A Dangerous Crossing

Written by Rachel Rhys — Late July 1939. A young woman named Lillian Shepard boards the Orontes, docked at Tilbury in Essex and set to sail for Australia.

She has assisted passage to work in Australia as a domestic servant. Her family sees her to the cabin she’ll share with Audrey and Ida. Her parents are sad to see her go and she is conflicted about her trip, which is meant to ensure her safety in unsafe times. As they set sail, you’ll feel for Lilly and her family, and sense the weight of war gathering like a storm.

A Dangerous Crossing is a stylised read from author Rachel Rhys, the pen name of a successful suspense author. It evokes the Golden Age of mystery and though set during World War II the author’s modern sensibilities add an assured and contemporary touch to a nostalgic genre piece. Rhys based the book on a diary she found when helping her mother move, which chronicled a real-life passage made by a young woman during the War. The author uses the resource well and the book comes off as alive, authentic, and historically grounded.

A full cast of characters awaits Lilly on board. Edward Fletcher and his older sister Helena are the next ones to befriend her. Lilly is smitten with Edward when they meet, but soon finds he might be a more complicated fellow than he lets on. She begins to pal around with a married couple, Max and Eliza Campbell, first class passengers who prefer the company on the lower decks. The ship forms a microcosm reflecting the social classes and attitudes during a period of huge change in the 1930s.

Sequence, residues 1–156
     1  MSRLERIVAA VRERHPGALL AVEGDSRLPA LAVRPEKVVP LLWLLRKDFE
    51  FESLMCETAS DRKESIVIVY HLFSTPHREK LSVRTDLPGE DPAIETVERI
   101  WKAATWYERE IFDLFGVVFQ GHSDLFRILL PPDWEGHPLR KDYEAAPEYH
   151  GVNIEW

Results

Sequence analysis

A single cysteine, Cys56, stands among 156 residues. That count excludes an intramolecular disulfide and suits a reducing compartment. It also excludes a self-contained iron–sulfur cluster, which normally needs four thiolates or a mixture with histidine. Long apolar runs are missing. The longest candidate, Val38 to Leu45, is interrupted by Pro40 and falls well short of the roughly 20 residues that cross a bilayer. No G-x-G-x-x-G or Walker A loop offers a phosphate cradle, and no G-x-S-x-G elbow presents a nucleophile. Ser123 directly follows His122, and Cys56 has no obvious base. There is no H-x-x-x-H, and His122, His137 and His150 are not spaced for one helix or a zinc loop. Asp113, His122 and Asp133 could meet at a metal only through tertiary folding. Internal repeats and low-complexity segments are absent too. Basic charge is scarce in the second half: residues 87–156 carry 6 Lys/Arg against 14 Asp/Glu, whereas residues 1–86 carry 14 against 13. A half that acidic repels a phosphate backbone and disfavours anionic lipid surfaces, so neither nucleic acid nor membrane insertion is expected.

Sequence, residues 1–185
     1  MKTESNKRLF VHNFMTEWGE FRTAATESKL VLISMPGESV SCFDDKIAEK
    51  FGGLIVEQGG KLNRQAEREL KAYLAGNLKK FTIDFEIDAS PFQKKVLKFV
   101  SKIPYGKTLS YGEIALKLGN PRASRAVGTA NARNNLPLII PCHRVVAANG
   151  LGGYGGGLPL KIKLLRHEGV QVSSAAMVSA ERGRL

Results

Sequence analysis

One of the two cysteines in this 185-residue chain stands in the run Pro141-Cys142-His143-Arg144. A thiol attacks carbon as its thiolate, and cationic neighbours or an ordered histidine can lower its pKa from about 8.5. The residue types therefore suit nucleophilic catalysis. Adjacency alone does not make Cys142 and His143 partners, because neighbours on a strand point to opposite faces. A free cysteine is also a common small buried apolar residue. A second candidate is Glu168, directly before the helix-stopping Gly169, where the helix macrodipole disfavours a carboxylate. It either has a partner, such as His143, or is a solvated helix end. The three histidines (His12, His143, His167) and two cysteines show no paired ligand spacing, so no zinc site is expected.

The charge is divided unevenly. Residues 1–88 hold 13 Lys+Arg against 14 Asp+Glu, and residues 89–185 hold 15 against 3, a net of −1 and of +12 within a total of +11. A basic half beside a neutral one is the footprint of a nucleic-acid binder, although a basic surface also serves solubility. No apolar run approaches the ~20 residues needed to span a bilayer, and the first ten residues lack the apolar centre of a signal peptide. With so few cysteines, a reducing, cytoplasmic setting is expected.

The Orontes docks at various ports and posters of Mussolini and Hitler are seen during excursions. Jewish passengers come on board, fleeing the wave of fascism sweeping the continent. The treacherous outside world starts mingling in with the salt sea air on deck.

A young Jewish woman, Maria, comes aboard looking to escape the dangers she faced in Vienna. She and Lilly quickly become friends but not everyone is so accepting and a fascist sentiment is kicked up by some in Lilly’s social circle. Rhys builds tension slowly and only hints at drama in the first half of the book, but doesn’t use any big plot twist like we’ve come to expect from mystery novels. Instead the plot is advanced through small conflicts between the characters based on class, politics and gender.

The sea air gets thicker as you read, waiting for a cataclysm to occur, but unfortunately it never quite materialises and the voyage grows monotonous. The first bit of mystery comes when Maria is assaulted in her sleep, and the perpetrator runs off before they can be identified. The book doesn’t take off here, as you’d expect, but instead drags as Lilly tries to figure out who is to blame. Rhys takes her time with the storytelling saturating the text with details and small scene after small scene. The result is a mixture of beautiful prose and mundane detail that lacks compelling action.

Characters start to reveal their true selves towards the end of the novel, a few deaths occur, and an Agatha Christie-style whodunnit narrative takes over. Many of the juiciest bits come way too late and don’t pack the wallop that makes this type of reading fun. There are some interesting and surprising twists to make the ending worthwhile and enjoyable, but perhaps not so worthy of all the prior exposition.

Ruth Ware’s The Woman in Cabin 10 is another mystery taking place on a cruise ship, as is Passenger 23 by Sebastian Fitzek.

Doubleday
Print/Kindle
£7.99

CFL Rating: 3 Stars

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